Joseph and the famine in Egypt


#1

I have a question regarding Genesis, CH. 41. In this chapter, Joseph accurately interprets Pharaoh's dreams as foretelling the "7 years of plenty" and "7 years of famine" for Egypt. Genesis 41 says the following (verses taken from the Revised Version):

  • "...there was famine in all lands" Gen. 41:54
  • "And the famine was over all the face of the Earth..." Gen. 41: 56
  • "And all countries came to Egypt to Joseph for to buy corn; because the famine was sore in all the Earth." Gen. 41:57

Then in Genesis 42, Jacob's sons leave Canaan to go to Egypt to buy corn/grain; obviously Gen. 42:5 says that there is famine in Canaan.

I guess my question is, what does Genesis refer to when it says "all lands/all faces/all countries of the Earth?" I know famine was periodically common in the ancient world (and still is today); we learned about the many famines that plagued Egypt in my Egyptian archaeology class back in my undergrad years during the different dynasties and periods.

Does "all lands" mean a worldwide famine as we would understand it today (I'm guessing no), or more of a regional famine that affected the Mediterranean "world?" I would think an ancient Egyptian or ancient Hebrew/Israelite would view their "world" on a more localized or regional scale, not so much a global one. But I don't know.

Does anyone know if such a regional/"worldwide(?)" famine has been found dating from Joseph's time in the archaeological record (to be honest, I don't know the exact time of when Joseph lived in Egypt; I'm assuming it's earlier than 1,000 BC)?


#2

The Joseph period was approximately 1600BC.

A famine need not have covered even the "Mediterranean world" to have been considered "worldwide" by those involved in it. Famine conditions extending from Egypt into SW Asia would have involved all the nations known to them.

ICXC NIKA


#3

I think I have two answers to this question. First, from my own reading of scripture and from logic, you might say: Famines might be both local and global, but not total.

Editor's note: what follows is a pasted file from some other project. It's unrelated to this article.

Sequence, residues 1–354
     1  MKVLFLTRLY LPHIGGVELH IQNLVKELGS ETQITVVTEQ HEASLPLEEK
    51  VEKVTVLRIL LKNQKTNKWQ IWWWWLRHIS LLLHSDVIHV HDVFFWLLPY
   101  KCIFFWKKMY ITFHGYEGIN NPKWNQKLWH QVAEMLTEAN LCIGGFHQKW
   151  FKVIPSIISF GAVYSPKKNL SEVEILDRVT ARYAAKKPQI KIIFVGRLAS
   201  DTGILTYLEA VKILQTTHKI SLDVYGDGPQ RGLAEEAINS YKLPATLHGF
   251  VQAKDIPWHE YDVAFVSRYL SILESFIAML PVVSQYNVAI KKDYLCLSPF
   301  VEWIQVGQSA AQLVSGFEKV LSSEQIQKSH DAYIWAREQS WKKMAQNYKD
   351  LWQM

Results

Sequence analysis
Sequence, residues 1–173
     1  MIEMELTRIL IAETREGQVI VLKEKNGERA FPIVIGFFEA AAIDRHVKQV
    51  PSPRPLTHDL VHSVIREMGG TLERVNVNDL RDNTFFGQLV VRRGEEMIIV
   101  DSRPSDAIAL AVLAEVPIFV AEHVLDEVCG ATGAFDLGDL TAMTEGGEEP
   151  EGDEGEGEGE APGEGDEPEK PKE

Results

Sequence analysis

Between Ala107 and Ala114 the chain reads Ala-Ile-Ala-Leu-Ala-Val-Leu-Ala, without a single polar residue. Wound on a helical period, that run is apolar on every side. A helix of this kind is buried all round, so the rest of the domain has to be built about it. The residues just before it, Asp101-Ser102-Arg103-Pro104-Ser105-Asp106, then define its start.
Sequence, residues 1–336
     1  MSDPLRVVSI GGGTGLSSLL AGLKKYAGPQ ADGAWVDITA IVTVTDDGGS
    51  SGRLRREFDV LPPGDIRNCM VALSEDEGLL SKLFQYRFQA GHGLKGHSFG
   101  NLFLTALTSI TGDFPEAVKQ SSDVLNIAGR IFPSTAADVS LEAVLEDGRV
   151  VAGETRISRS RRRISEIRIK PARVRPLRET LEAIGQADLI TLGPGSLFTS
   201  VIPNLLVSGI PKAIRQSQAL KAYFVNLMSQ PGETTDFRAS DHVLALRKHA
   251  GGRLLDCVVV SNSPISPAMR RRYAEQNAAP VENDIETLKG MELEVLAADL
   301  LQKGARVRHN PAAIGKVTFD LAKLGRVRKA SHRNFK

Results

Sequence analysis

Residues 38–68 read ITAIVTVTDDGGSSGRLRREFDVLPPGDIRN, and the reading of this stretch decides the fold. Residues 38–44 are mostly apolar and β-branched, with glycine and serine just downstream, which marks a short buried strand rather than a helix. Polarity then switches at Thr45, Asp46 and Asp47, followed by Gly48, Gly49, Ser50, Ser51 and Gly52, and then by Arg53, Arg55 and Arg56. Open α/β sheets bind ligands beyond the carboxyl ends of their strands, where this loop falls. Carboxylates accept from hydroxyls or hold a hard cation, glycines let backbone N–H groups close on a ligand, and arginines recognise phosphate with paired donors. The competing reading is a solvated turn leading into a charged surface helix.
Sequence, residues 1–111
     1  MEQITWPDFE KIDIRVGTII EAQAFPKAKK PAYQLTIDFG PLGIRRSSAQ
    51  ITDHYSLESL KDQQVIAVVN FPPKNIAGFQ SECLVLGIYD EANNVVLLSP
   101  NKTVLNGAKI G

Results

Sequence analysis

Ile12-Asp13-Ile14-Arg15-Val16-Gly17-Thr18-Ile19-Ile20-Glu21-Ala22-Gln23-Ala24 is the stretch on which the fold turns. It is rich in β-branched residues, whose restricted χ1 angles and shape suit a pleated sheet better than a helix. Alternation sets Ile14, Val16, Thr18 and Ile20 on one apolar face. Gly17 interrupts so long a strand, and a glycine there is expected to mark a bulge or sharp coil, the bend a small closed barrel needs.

In the global sense, there might have been many localized famines, requiring some to seek food elsewhere besides their immediate local.

And, it comes to mind too that perhaps the sense of famine here is that there was not enough food in a particular location, rather than a total crop failure affecting all people.

Surely, from the perspective of the writers of the Bible, there was not knowledge of a global world as we know it, with seven continents.

I'm looking up what might be another answer, and will get back if I find anything.


#4

There have been plenty of times in recent history when there were bad crop failures and famines pretty much worldwide. For example, when volcanoes have put large amounts of dust into the atmosphere, as in the years after Krakatoa, or in the 1777 "year without a summer" which led into several years of bad crops around the world. Bad crop diseases also tend to come when the weather is damp and cold worldwide, as in 1847 and the years afterward, which promoted the potato famine blight all across Europe along with other crop failures, and thus caused huge amounts of political unrest and war. The explosion and sinking of Thera has been associated with all sorts of dramatic legends and archaeological evidence.

So yes, Joseph was probably thinking "the known world," but it could well have been the whole world.


#5

I'm reminded of a line from that great movie "To Be or Not To Be" - "He's world famous in Poland". The famine could have been limited to the "known" world, which would not contradict with the context at all.


#6

The first time I read a no-frills translation of Genesis, I was shocked by the liberties translators take to "dress" the text. Biblical Hebrew has a sparse vocabularly, but it makes
up for it in the many-layered meanings of its words. Remember the Ten Commandments? Technically, they are the Ten Words, but they can also mean the Ten Sayings, or even the Ten Things.

The most straightforward translation I found of Genesis 41:56 is, "the hunger was all over the face of the land aretz]." Aretz refers to physical "land," but also to "civilisation" (the latter, more abstract meaning appears in Genesis 41:57). Therefore, even assuming the famine as factual history, I see no reason to assume it was a global occurrence. Furthermore Ancient Egypt was the superpower of its day, a major avenue of trade and export (especially grain) to the region. From the perspective of the Canaanite inhabitants, like Joseph, it probably seemed as like a global famine if Egypt was living on rations.


closed #7

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